Seahawks HC Pete Carroll Describes Field in Munich as a ‘Nightmare’

by Nick Geddes
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(Photo by S. Mellar/FC Bayern via Getty Images)

The NFL‘s debut in Munich, Germany, Sunday was a resounding success, with nearly 70,000 filling Allianz Arena to watch the Tampa Bay Buccaneers and Seattle Seahawks.

If there was one fault, however, it was the field itself. At times, the morning matinee was a Slip ‘N Slide, with multiple players on multiple occasions falling to the ground untouched. The most glaring example being Tom Brady, when the Buccaneers quarterback attempted to do his best Randy Moss on a trick play.

In the aftermath of his team’s 21-16 defeat, Seahawks head coach Pete Carroll called the playing surface “a nightmare,” per Bob Condotta of the Seattle Times.

“It’s equal… both sides had to go against that,” Carroll said.

He later expounded on those comments while speaking to the media Tuesday.

“I don’t know soccer to know why they would like the field like that,” Carroll said, via Pro Football Talk. “I think the topic is kind of on right now on fields in general, and we just like to keep getting better at it, and understanding how we can make the game safer, and the game better in all ways. That’s not to say it has to be natural turf versus artificial or whatever.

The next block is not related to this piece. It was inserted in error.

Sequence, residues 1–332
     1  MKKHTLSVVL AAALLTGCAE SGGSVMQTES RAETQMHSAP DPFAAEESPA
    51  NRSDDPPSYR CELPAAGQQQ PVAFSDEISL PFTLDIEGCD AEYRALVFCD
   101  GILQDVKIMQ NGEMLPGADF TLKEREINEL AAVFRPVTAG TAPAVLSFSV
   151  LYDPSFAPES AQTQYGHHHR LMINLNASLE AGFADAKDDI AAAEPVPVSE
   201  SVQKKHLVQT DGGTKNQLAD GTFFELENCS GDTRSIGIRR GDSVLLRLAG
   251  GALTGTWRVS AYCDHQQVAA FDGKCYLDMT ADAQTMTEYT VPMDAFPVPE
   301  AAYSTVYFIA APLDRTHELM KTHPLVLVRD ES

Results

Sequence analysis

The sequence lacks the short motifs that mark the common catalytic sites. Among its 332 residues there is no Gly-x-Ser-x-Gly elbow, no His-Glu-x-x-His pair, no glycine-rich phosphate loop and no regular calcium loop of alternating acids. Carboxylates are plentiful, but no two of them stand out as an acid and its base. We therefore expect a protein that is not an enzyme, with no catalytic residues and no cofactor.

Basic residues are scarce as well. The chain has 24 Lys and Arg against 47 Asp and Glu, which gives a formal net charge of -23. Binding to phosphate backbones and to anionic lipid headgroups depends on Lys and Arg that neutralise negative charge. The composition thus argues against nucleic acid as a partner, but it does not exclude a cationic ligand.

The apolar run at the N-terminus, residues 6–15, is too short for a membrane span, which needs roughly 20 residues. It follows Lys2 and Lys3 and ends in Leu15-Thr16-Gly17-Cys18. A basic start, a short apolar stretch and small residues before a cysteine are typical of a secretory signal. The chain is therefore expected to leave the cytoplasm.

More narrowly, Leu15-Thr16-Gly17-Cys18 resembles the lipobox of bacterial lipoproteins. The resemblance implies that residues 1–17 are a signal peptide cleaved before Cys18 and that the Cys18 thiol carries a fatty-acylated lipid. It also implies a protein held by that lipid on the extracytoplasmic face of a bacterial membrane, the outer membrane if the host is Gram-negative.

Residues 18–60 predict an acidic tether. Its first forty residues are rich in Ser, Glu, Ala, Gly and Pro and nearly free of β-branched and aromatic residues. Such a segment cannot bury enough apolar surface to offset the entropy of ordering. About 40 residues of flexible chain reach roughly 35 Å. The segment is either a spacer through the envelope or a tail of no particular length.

“We just need to keep working at it, but it’s really nice when it is uniform. I know they pay attention. They talked about it when we were in London also. It was the same discussion.”

Pete Carroll Adds to Discussion of Playing Surfaces

The subject of playing surfaces has been a hot topic in recent weeks, with multiple NFL stars speaking out in favor of the league mandating all games be played on natural grass. The NFLPA recently called for an “Immediate Replacement and Ban of all Slit Film Turf.” They cite a higher number of injuries on those surfaces, which seven teams (Giants, Jets, Lions, Vikings, Saints, Colts, Bengals) use.

The NFL, meanwhile, reportedly found that the rate of non-contact injuries to the knee, ankle and foot is roughly the same on natural and artificial playing surfaces. Green Bay Packers quarterback Aaron Rodgers called for the league to do away with the artificial surfaces, though he doesn’t expect a change.

“No, honestly,” Rodgers said Tuesday, via ESPN. “I don’t have a lot of confidence when it comes to the league making that decision without some sort of big vote and gripes from certain owners who don’t want to spend the money.”

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